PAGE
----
The Windows 10 update KB4046355 for the Fall Creators Update -- listed as FeatureOnDemandMediaPlayer - Windows 10 for x64-based Systems (KB4046355) removes Windows Media Player from the operating system.
The update has been released for the Insider version of Windows 10 version 1709, but not to all devices that run the beta version of the upcoming Fall Creators Update version of Windows 10.
Note: A knowledgebase support page does not exist currently.
It is unclear at this point in time whether that is done by accident, and whether this may impact devices running stable versions of Windows 10 as well.
This change may not be an issue for Windows users who run third-party media players like VLC Media Player, but it may be shocking to those invested in Windows Media Player.
The update removes Windows Media Player from the device (files and context menu entries), but it does not prevent users from installing it again.
Install Windows Media Player on Windows 10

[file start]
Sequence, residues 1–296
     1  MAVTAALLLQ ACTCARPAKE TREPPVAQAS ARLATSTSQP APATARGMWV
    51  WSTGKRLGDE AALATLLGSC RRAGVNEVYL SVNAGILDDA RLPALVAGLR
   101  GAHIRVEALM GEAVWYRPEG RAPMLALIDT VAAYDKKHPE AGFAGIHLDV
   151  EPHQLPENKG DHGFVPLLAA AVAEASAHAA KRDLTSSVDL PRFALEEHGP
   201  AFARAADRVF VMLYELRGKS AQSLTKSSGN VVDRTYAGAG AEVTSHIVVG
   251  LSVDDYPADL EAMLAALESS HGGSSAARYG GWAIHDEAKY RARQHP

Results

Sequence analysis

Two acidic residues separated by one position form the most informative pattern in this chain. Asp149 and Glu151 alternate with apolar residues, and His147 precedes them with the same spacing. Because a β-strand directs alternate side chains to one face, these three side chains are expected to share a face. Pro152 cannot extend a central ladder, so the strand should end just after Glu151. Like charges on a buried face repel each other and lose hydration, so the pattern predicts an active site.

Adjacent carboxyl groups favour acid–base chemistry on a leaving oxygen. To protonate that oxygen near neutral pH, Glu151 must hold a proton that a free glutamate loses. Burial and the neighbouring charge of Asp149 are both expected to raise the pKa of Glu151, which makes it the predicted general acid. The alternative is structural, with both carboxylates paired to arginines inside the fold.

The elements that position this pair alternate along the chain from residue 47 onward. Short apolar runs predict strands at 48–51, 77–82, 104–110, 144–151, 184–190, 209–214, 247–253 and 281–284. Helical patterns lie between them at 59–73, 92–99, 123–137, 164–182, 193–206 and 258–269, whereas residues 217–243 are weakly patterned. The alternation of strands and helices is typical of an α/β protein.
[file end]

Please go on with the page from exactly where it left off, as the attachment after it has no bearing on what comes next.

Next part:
The feature Windows Media Player is still available on machines running the Fall Creators Update of Windows 10, but it is not installed by default (at least on those machines affected by this).
You can use the "manage optional features" page of the operating system to install Windows Media Player on the system, and bring back its functionality along with that change.
- Open the Settings application with the keyboard shortcut Windows-I.
- Open Apps > Apps & Features, and click on "manage optional features" on that page.
- Windows lists all installed optional features on that page. Select the "add a feature" option near the top of the page.
- Scroll down to the very bottom of the page that opens. You should find "Windows Media Player" listed there as an optional feature that you can install on the device. Click on the item and then on the install button.
- Go back to the previous page. You should see the installation process of Windows Media Player on that page. Installation should not take longer than ten or twenty seconds.
Windows Media Player is available again on the device after the installation. Again, it is not clear at this point in time whether this is a bug that affects only a subset of Insider devices, or if it is a foreshadowing of things to come.
Windows users who don't use Windows Media Player should not notice any issues caused by the removal. If issues are noticed however, it is suggested to re-install the media player using the method above. (via Born and Deskmodder)
Now You: Which media player do you use?